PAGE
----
Property syndication – what you need to know about public
Property syndicates and other public property investments are
currently popular as bank interest rates remain very low.
Public property syndication and investment companies allow members
of the public and investors to pool resources to invest in larger
commercial properties. The return on investment is based on the
rental income from tenancies and the recent average return on
investment is generally around 7-9%. The increased appetite for
these types of property investment structures means there are more
and more opportunities to establish new syndicates or property
investment companies. There are many benefits in establishing a new
syndicate or investment company, however the financial markets
legislation means that public investment offerings must meet the
required disclosure requirements. It is important to know what
these requirements are and how the regulations may impact the
establishment of a new syndicate or investment company.
The requirement to disclose offers
The Financial Markets Conduct Act 2013 (the FMCA) changed the rules
around how property syndicates and property investments are offered
to the public. Certain disclosure requirements are now compulsory
when making public share offers (or offers for other similar
interests) in a property investment scheme or entity. The FMCA
created categories of financial product which focus on the economic
substance of the financial risk rather than legal forms of
ownership. The two relevant categories for public offerings for
property investment are:
Equity Securities - this applies to a company or other entity
established to buy and own commercial property. Shares in the
company are offered to investors and the property management is
normally contracted to a commercial manager; and
Managed Investment Schemes - this is blanket term for products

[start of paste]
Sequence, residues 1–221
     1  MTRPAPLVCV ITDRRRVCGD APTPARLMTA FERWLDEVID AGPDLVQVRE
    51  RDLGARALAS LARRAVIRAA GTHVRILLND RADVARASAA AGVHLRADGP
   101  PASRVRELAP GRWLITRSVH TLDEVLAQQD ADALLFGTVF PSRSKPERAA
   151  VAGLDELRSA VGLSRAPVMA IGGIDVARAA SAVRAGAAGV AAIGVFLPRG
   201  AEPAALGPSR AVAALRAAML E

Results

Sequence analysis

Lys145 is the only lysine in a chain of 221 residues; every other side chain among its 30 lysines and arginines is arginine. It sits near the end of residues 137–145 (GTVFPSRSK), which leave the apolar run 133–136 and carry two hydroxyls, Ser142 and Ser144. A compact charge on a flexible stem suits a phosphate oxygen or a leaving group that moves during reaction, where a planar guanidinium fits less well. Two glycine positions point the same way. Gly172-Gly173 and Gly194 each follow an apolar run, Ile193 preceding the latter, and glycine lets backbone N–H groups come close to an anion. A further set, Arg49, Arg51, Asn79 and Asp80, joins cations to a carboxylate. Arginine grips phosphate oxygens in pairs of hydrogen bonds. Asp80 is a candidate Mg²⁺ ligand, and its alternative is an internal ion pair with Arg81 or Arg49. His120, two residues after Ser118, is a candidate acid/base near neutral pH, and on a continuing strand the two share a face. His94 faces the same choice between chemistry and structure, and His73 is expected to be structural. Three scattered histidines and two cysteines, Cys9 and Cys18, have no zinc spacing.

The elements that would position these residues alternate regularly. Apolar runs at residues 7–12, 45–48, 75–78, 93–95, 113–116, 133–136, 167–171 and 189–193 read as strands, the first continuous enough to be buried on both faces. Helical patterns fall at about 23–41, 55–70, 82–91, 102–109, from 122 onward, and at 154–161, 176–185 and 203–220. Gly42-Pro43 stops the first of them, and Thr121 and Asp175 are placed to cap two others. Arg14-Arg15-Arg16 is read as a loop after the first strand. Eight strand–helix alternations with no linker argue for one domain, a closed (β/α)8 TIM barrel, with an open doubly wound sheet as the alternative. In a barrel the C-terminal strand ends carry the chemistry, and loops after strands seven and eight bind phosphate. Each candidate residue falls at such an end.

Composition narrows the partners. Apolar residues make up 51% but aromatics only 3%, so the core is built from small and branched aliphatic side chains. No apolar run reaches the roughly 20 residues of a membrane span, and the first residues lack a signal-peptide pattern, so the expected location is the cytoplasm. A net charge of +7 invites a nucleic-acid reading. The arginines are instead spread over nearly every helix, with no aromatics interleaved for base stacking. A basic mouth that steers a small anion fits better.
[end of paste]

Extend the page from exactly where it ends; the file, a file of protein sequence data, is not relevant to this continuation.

where investment funds are pooled but investors do not have day to
day control over the scheme. This category captures the traditional
property syndication model. It is important to note that the
definition excludes a syndication where investors are involved with
the day-to-day decision making of the syndicate. There is also an
exception for schemes where investors hold separate and direct
interests in the underlying property.
The FMCA requires a product disclosure statement (PDS) to be made
available to investors for both equity securities and managed
investment schemes for every public offering. The PDS replaces the
need for a prospectus, but the content of a PDS is heavily dictated
by the Financial Markets Conduct Regulations 2014 (the
regulations). The regulations are focused on providing the
potential investor with the critical information of the investment
and excluding less relevant information. This means that while a
PDS may be shorter than a traditional prospectus, the information
contained in the PDS must precisely match the requirements of the
regulations (often word or word). The supporting documents to the
PDS must be provided in the online registry which is contained in
the Companies Office website. The core elements of information in a
1. The key features of the company or scheme (including the
2. The key terms of the offer;
3. The financial information of the offerer (including GAAP
prepared financial information); and
4. The risks to returns.
The regulator (the Financial Markets Authority) places
particular emphasis on ensuring the property financial information
and investment risk factors are highlighted to potential investors.
In some situations, the PDS must include financial information for
previous accounting periods. This can create issues if the
syndicate or company is a new entity and is acquiring a new
property and therefore does not have existing accounts. The
regulator will reject a PDS if it does not contain the all of the
required information, or if the PDS contains unessential
information. The FMCA also places restrictions on marketing offers
to public both before and after the PDS is made available.
There are certain exemptions to the requirement to produce a PDS
where all investors are exempt persons, however this will depend on
the circumstances in each case.
Preparing public offers requires a good deal of planning,
consideration and advice. The penalties for breaching the FMCA are
severe so it is important that correct disclosure is made for every
offer. Experienced legal advice in this area is essential. We
have recently prepared a PDS for a commercial property syndicate so
have recent and up to date experience in this area. If you
are interested in establishing a property investment company or
syndicate for public investment then contact the specialist
commercial property team at Cavell Leitch.
The content of this article is intended to provide a general
guide to the subject matter. Specialist advice should be sought
about your specific circumstances.
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